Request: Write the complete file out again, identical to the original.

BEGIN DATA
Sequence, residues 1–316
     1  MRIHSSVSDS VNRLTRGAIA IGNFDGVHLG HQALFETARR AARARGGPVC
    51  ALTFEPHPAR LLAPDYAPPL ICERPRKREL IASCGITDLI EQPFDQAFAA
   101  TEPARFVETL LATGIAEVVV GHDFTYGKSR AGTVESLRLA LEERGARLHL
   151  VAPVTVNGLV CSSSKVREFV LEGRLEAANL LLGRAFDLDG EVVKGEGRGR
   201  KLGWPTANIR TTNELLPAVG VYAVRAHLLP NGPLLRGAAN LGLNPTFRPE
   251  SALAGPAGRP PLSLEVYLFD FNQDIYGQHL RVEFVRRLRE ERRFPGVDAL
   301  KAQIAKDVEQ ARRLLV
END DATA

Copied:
Sequence, residues 1–316
     1  MRIHSSVSDS VNRLTRGAIA IGNFDGVHLG HQALFETARR AARARGGPVC
    51  ALTFEPHPAR LLAPDYAPPL ICERPRKREL IASCGITDLI EQPFDQAFAA
   101  TEPARFVETL LATGIAEVVV GHDFTYGKSR AGTVESLRLA LEERGARLHL
   151  VAPVTVNGLV CSSSKVREFV LEGRLEAANL LLGRAFDLDG EVVKGEGRGR
   201  KLGWPTANIR TTNELLPAVG VYAVRAHLLP NGPLLRGAAN LGLNPTFRPE
   251  SALAGPAGRP PLSLEVYLFD FNQDIYGQHL RVEFVRRLRE ERRFPGVDAL
   301  KAQIAKDVEQ ARRLLV